Further, mindful that many new operators are not rolling in financial capitol or years of expertise, one of LeoLabs’ newest services, called LeoTrack and launched in August, is tailored for operators of one to five satellites, and provides an option to buy off-the-shelf navigation data so the operator doesn’t have to understand how to equip the satellite to do so. According to a LeoLabs’ press release, the LeoTrack offers “satellite operators a full range of monitoring capabilities, including precision tracking of satellites, orbital state vectors, predictive radar availability, scheduled passes, and real-time orbit visualization for constellations as well as individual satellites.” Ceperley said the service costs about $2,500 per satellite per month, which in the scheme of SSA services market is pretty low.
In addition, LeoLabs is working closely with the New Zealand government under its ground-breaking SSA and space traffic management (STM) program that will allow the New Zealand Space Agency to track every satellite launched from its territory, monitor their health, keep an eye out for potential collisions, and ensure that all operators are following licensing rules regarding satellite disposal and debris mitigation. The cloud-based Space Regulatory and Sustainability Platform (SRSP) uses LeoLabs radars, as well as analytical tools such as mapping software and conjunction prediction.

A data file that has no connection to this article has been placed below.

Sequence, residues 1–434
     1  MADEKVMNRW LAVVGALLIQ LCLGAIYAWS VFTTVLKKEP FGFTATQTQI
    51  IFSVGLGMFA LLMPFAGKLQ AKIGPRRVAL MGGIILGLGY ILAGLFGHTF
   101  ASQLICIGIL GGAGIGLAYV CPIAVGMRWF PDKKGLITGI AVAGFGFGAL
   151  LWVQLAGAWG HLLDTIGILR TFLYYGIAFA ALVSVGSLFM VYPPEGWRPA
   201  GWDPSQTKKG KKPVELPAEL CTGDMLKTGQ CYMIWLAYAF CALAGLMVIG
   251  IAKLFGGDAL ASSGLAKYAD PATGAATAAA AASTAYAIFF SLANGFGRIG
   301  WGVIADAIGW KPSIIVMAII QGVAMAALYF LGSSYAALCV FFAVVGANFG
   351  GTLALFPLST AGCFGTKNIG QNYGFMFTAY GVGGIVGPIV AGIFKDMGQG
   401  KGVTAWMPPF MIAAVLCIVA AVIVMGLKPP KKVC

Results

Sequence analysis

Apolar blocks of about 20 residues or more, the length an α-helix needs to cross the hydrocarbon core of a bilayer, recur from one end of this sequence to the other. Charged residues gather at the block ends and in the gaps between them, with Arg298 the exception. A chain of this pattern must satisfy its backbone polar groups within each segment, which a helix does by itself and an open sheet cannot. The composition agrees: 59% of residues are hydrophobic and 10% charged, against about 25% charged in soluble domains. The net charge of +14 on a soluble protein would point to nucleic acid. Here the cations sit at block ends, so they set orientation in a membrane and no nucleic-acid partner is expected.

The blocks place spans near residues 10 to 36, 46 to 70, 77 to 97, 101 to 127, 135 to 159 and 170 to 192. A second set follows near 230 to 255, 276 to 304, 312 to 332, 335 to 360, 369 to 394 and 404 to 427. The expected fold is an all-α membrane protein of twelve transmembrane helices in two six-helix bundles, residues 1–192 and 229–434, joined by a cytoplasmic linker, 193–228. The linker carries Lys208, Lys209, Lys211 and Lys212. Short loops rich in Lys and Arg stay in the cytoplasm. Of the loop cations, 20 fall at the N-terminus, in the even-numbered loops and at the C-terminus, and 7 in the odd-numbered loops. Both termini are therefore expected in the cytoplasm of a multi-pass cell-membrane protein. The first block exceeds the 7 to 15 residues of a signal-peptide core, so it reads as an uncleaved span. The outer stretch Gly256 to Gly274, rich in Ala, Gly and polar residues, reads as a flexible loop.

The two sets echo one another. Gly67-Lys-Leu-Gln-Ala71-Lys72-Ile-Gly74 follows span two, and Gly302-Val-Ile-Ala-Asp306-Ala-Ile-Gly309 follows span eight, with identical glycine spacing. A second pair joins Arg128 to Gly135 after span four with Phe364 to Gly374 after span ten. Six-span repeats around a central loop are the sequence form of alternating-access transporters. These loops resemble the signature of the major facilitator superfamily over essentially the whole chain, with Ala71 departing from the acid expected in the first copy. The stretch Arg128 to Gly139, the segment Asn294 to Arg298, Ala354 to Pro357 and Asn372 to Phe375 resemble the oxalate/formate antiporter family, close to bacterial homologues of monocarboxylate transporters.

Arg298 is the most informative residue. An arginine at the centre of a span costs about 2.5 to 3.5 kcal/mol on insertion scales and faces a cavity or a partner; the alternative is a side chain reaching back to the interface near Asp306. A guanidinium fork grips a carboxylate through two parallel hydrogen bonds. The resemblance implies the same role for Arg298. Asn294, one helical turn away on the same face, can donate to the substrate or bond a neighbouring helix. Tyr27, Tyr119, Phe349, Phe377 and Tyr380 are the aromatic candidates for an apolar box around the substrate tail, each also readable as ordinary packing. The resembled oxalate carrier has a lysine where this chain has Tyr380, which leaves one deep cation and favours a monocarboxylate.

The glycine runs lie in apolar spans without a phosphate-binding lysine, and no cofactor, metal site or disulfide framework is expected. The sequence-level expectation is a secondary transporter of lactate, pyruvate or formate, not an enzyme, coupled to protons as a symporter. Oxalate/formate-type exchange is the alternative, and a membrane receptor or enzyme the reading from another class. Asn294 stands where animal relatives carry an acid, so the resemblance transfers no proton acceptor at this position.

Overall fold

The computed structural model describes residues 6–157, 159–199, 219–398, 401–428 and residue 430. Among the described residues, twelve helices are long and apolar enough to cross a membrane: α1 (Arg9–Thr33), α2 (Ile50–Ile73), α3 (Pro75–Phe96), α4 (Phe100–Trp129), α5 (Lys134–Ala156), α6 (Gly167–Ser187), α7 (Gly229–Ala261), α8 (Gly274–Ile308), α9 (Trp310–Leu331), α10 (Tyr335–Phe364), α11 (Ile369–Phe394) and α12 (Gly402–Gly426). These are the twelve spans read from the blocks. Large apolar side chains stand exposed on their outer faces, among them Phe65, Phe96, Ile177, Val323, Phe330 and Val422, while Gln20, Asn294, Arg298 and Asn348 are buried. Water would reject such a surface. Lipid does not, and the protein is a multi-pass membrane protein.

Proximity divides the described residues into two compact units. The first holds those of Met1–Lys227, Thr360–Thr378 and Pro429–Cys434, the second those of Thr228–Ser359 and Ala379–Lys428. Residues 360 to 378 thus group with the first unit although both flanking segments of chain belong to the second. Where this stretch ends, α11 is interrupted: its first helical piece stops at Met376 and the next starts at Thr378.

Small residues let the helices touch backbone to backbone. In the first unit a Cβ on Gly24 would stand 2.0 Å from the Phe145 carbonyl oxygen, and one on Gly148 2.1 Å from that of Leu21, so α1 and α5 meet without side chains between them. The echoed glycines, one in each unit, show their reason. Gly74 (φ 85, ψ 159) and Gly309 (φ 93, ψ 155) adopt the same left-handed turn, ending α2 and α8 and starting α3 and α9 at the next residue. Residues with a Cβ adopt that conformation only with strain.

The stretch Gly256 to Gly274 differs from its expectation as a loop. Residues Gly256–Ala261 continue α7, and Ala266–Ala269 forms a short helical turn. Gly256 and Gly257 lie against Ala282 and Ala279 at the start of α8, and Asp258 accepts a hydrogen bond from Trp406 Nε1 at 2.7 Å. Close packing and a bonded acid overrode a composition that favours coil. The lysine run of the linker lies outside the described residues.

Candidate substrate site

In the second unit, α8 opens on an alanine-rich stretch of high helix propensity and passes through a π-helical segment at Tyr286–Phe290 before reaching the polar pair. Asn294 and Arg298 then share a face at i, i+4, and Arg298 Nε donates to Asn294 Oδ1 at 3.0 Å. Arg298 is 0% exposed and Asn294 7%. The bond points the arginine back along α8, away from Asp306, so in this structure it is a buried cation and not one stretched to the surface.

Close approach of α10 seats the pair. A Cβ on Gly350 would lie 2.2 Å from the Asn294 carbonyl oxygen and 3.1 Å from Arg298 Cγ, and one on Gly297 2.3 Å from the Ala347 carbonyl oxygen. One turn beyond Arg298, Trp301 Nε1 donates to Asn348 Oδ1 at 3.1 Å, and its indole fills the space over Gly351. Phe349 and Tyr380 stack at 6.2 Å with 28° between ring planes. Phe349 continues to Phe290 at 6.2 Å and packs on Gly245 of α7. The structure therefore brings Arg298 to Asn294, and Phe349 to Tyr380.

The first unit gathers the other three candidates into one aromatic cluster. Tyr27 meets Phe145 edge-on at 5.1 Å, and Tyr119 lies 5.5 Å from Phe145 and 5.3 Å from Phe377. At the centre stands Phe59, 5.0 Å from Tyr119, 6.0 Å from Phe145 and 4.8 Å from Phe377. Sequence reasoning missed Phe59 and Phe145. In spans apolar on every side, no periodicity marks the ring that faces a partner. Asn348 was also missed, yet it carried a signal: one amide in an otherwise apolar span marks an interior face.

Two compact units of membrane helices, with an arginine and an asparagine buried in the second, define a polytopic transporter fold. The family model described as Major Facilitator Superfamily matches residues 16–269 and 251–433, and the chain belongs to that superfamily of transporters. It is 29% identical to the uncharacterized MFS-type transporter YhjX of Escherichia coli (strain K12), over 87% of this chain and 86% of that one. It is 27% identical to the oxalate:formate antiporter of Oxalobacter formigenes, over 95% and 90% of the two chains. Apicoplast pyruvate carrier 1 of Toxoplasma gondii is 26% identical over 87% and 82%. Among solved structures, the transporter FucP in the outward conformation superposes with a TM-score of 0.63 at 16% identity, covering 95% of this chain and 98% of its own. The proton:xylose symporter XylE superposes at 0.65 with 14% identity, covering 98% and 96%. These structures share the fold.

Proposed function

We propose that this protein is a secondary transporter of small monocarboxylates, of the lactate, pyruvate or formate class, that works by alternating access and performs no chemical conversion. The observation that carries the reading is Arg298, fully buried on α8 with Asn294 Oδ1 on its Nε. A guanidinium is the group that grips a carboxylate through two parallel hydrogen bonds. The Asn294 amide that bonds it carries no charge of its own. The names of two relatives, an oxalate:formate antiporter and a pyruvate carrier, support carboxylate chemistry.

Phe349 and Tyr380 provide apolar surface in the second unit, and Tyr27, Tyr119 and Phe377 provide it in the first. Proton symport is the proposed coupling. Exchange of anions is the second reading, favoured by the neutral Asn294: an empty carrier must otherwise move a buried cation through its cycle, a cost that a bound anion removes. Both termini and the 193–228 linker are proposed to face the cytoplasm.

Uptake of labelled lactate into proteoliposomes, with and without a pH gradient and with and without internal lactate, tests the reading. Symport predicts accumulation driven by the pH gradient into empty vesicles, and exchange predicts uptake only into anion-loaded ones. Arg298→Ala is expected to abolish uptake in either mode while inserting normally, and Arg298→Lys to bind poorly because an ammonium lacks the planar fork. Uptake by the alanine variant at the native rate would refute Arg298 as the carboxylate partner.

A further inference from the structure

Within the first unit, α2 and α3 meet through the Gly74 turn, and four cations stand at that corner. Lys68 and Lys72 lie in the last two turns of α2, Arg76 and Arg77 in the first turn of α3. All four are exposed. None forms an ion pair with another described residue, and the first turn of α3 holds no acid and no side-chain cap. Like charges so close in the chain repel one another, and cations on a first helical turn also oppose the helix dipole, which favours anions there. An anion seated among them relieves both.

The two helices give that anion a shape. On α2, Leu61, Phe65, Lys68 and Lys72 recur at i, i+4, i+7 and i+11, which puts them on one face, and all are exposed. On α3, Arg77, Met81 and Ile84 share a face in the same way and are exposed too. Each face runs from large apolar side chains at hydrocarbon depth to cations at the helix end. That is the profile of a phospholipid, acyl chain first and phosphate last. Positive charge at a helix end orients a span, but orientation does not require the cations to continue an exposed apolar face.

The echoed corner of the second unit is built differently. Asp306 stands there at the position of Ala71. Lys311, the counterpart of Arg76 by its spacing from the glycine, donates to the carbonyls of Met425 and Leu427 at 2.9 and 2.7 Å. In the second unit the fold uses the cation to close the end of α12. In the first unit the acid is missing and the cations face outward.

Ceperley sounded almost giddy about the potential of the New Zealand program to safeguard the future space environment and change the way governments regulate the space industry. “They are the first regulators to keep a close eye on activity in orbit,” he said, noting that most government license processes, including in the United States, focus only on pre-launch licensing. Using the SRSP platform, he said, New Zealand will “develop an understanding about what’s normal behavior in space and what not,” and in turn be able to “drive drive the discussion, using actual data, about what’s responsible or not,” and to “lead the response to to next the next big crash.”
Indeed, according to several space analysts, the New Zealand program puts them far ahead of any other country in attempting to solve the STM problem, despite the Trump Administration’s push to lead the rest of the world in setting space norms and best practices.
The administration’s efforts, embodied in Space Policy Directive-2 (SPD-2) on licensing for commercial space and SPD-3 on STM, are stalled due to variety of internal bureaucratic as well as congressional food fights. As we reported a few weeks ago, the interagency task force to update US space debris mitigation rules hit an impasse on Sept 18, putting the dispute on the table for the National Space Council to sort out.
Meanwhile, the long-awaited Notice of Public Rule Making (NPRM) designed by the Commerce Department to streamline licensing for commercial remote sensing operators has stalled amid interagency disagreement and industry pushback. Secretary of Commerce Wilbur Ross in August said the rules would be out by the end of October, but source say as of now the rule package remains blocked by interagency squabbling.
Finally, Congress has steadfastly refused to provide authorization or funding to give Commerce the primary role in regulating the commercial space industry, and in becoming the agency to lead a civilian SSA service — taking over the job of helping commercial and foreign operators safely control their satellites and avoid collisions from the newly created Space Command.